Area Forecast Discussion
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FXUS61 KPHI 202049
Area Forecast Discussion
National Weather Service Mount Holly NJ
349 PM EST Fri Jan 20 2017
Weak low pressure passes north of the region this evening, and
then weak high pressure builds east late tonight through
Saturday. A strong and complex area of low pressure will impact
the Mid-Atlantic from Sunday through Tuesday. Conditions briefly
dry out for the mid- week period, and then unsettled weather
returns to close out the work week.
.NEAR TERM /UNTIL 6 AM SATURDAY MORNING/...
The rain continues to make its way through the region this
afternoon as the short wave trough lifts to the northeast. The
back edge of the precipitation has already exited our western
and souther areas with only some light showers remaining.
Low-level moisture will remain high across the region tonight
even though the mid/upper levels dry out as we keep a light
south to southeast flow across the area. This will keep some
drizzle possible, along with fog and low clouds. Right now it
does not look like there will be many, if any, breaks at all in
the clouds but if there are, we could see some spots where
patchy dense fog forms.
Overnight lows wont be all that much colder than the
temperatures were this afternoon. Expect temperatures to drop a
few more degrees before daybreak and remain int eh low to mid 30
across northeastern Pennsylvania and northwestern New Jersey to
the upper 30s to around 40 along and east of the I-95 corridor.
.SHORT TERM /6 AM SATURDAY MORNING THROUGH 6 PM SATURDAY/...
Weak high pressure will build along the coast on Saturday and
we should see mainly dry conditions across the region.
The southerly flow will keep moisture up across the area and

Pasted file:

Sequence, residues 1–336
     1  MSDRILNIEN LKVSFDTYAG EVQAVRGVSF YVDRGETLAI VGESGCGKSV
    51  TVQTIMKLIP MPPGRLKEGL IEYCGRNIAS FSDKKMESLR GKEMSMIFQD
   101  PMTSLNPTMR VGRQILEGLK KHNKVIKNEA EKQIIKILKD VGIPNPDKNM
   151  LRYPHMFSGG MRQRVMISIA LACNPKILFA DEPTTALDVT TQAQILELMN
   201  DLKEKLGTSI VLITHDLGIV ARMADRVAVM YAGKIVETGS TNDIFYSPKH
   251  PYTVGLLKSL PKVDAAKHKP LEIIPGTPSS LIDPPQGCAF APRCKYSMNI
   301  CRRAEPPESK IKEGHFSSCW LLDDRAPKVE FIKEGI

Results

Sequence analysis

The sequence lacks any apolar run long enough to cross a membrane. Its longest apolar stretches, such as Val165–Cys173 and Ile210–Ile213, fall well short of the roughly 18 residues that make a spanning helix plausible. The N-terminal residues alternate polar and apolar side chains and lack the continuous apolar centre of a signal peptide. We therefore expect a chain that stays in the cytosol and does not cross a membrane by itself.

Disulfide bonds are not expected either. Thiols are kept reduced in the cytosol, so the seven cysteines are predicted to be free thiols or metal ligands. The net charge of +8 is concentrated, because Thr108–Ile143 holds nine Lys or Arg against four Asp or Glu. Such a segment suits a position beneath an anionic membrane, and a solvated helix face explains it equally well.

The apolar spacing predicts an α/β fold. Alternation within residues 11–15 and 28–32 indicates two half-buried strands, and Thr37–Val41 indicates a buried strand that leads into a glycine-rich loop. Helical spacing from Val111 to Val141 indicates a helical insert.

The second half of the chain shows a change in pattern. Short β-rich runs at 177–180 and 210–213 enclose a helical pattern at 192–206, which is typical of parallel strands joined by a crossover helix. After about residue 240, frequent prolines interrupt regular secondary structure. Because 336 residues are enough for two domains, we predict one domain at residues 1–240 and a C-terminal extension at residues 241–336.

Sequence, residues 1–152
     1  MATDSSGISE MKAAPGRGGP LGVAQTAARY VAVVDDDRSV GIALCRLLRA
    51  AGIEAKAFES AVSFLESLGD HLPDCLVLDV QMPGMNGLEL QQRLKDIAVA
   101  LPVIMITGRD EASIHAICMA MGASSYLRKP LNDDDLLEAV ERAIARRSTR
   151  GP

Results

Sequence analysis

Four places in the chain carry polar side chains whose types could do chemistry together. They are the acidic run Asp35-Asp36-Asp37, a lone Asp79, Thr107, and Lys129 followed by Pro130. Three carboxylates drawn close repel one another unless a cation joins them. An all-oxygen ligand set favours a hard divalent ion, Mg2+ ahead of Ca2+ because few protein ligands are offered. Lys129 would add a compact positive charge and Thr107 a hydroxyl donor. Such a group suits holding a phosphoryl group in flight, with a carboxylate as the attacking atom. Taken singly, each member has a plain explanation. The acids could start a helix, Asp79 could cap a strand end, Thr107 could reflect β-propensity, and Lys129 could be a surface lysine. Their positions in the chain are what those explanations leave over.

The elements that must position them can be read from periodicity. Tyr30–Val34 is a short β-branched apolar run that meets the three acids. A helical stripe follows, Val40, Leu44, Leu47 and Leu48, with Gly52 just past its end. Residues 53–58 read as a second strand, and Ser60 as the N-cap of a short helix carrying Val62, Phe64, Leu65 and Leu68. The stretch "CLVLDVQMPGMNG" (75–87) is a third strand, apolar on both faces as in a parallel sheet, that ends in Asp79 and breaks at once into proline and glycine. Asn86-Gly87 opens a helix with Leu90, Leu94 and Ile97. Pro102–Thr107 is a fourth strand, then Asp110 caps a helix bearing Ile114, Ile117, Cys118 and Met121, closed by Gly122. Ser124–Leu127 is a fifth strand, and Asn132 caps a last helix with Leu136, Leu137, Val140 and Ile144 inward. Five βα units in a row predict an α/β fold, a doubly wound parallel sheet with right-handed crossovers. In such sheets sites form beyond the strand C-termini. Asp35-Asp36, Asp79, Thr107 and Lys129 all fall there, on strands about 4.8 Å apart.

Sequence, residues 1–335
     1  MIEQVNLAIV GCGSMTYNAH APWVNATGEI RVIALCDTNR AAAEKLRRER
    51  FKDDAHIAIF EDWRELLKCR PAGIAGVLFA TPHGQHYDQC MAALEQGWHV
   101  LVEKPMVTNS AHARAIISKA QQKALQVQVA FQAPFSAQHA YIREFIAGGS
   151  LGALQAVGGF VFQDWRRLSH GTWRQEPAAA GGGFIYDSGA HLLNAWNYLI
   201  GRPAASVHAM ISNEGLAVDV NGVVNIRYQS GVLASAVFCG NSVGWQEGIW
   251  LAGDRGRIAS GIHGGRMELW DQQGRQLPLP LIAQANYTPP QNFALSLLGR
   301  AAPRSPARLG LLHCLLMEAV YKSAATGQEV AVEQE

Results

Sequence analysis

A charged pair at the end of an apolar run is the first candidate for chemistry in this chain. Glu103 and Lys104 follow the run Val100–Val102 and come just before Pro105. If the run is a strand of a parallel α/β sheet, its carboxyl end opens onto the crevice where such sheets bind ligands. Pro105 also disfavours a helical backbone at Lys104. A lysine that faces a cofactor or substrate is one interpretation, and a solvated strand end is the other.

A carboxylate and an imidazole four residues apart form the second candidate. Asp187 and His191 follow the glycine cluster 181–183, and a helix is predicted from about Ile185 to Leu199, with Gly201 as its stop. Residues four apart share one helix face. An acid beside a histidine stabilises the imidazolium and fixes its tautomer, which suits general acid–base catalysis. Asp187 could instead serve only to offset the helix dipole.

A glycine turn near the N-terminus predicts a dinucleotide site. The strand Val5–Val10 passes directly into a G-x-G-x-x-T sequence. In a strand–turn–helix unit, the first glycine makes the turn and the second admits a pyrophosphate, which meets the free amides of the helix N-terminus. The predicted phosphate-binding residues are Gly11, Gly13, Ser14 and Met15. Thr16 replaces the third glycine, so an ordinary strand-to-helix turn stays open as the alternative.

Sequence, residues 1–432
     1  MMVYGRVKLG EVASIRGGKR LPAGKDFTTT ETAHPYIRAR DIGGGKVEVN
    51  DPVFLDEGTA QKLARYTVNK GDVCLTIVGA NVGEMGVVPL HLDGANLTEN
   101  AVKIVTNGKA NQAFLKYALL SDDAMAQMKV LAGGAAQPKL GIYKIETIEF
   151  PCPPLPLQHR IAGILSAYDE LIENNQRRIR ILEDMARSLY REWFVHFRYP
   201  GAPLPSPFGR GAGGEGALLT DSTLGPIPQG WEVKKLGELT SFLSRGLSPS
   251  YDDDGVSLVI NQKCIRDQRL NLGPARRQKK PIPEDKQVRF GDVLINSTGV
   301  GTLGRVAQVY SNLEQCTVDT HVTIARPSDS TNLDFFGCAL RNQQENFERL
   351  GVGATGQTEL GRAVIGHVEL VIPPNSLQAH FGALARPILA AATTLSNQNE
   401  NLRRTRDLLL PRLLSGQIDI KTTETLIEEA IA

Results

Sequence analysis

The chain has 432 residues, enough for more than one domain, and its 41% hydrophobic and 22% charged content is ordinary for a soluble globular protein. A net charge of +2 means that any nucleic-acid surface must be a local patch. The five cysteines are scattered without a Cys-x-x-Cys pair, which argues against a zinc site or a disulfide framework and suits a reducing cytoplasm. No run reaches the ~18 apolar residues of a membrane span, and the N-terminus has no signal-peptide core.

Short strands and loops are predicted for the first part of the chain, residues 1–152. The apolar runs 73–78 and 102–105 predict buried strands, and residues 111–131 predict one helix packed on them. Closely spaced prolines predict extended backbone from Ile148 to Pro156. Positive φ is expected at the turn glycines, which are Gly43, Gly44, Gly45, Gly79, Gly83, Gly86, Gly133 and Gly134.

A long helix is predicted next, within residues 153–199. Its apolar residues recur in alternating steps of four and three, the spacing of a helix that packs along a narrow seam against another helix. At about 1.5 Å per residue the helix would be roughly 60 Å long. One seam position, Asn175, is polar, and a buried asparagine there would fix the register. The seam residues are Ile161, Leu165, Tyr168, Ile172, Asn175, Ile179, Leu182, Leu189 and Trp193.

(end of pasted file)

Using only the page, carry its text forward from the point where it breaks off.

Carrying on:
its possible some light drizzle may remain into early Saturday.
Unfortunately, skies will remain pretty clouded over through the
day. However, we will still see temperatures rebound a bit and
rise into the upper 40s across the north to mid to upper 50s
across much of the area as the warm southerly flow continues.
.LONG TERM /SATURDAY NIGHT THROUGH FRIDAY/...
High pressure along the East Coast moves offshore Saturday
night. During this time, closed H5 low will strengthen and
develop over the Southern Plains and Gulf Coast. In addition,
high pressure north of the Hudson Bay will begin to nose its way
to the south and east. Dry conditions expected Saturday night,
but clouds associated with the developing low will stream
northward into the Mid-Atlantic and Northeast.
The first wave of rain lifts to the north and east and into the
Mid- Atlantic by Sunday afternoon and Sunday night.
There is still uncertainty with regards to the forecast from
there. 12Z NAM is the coldest solution, with the high over the
Hudson Bay dropping farther to the south and east compared to
the ECMWF and the GFS. This allows a shallow layer of below
freezing temperatures to filter into far NW zones, generally to
the north and west of I-80, and results in a prolonged period of
freezing rain. Since the GFS and ECMWF have a similar position
with the high and have the surface low farther north than the
NAM, will side with the warmer solution. That does not rule out
at least a brief period of sub-freezing temperatures across
parts of the Poconos, so will mention a chance of freezing rain
on Monday. Latest trends lower the potential of freezing rain,
but it cannot be ruled out at this time.
Waves of rain slide along the coast Monday and Monday night as
that low approaches from the south and west. A tight easterly
gradient develops between the high to the north and the
approaching low. Combined with a 65-75 KT LLJ, can expect strong
easterly winds to develop on Monday, with winds potentially
gusting to 50 MPH for much of NJ to the east of I-95, and gusts
potentially reaching 60 MPH along the NJ coast. Wind Advisories
will likely be needed, and there is the possibility for High
Wind Watches/Warnings for sometime on Monday.
With high PWATs upwards of 1.5", can expect periods of moderate
to locally heavy rainfall during this time. Please refer to the
Hydrology section of the AFD for flooding information.
Low pressure lifts through the region Monday night, and precip
tapers off fairly quickly behind the departing low. Winds also
diminish fairly quickly as the gradient relaxes.
Few lingering showers possible on Tuesday as H5
trough/shortwaves pass through the Northeast.
Dry conditions expected on Wednesday as high pressure builds
through the region.